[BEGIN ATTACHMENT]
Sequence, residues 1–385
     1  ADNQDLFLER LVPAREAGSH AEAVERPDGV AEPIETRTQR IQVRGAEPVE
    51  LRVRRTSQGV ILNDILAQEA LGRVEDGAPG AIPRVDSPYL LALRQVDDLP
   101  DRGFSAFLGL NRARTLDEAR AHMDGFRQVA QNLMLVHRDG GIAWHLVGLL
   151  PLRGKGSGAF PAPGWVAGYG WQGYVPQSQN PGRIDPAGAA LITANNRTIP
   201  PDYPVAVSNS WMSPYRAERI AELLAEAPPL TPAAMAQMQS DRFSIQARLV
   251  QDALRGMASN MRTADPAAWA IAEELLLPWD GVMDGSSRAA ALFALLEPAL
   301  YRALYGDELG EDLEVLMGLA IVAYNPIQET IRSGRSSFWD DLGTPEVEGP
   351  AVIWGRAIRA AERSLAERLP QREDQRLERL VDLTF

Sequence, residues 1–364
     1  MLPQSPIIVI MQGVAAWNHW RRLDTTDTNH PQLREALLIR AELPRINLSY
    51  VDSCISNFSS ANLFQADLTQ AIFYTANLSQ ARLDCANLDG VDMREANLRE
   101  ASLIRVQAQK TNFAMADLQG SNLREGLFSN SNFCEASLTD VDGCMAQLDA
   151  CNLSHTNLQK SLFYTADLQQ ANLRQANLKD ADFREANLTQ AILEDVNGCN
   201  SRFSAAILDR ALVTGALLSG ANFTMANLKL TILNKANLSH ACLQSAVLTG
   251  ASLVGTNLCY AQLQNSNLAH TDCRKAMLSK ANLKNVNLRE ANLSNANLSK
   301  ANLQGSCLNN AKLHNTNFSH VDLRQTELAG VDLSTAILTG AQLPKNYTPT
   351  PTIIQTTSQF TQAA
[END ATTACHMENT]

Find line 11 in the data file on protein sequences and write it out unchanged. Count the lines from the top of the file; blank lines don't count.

     1  MLPQSPIIVI MQGVAAWNHW RRLDTTDTNH PQLREALLIR AELPRINLSY